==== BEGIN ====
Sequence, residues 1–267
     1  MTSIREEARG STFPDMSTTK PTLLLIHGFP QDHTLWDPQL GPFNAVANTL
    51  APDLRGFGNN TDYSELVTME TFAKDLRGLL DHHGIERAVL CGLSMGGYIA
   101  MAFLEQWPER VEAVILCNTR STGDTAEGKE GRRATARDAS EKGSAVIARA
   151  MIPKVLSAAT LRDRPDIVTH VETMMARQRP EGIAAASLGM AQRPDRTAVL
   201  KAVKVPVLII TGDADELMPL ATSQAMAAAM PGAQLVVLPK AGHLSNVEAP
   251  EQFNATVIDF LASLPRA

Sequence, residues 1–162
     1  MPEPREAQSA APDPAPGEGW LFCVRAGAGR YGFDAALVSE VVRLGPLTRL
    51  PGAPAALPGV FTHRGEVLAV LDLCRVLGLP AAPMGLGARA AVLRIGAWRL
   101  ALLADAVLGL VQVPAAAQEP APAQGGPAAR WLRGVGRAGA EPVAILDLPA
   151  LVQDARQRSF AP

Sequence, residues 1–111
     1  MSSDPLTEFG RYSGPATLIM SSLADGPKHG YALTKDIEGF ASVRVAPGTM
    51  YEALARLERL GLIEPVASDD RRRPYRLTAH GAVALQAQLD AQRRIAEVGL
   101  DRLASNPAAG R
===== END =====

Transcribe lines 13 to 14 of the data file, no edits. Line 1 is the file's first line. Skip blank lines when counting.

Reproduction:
Sequence, residues 1–111
     1  MSSDPLTEFG RYSGPATLIM SSLADGPKHG YALTKDIEGF ASVRVAPGTM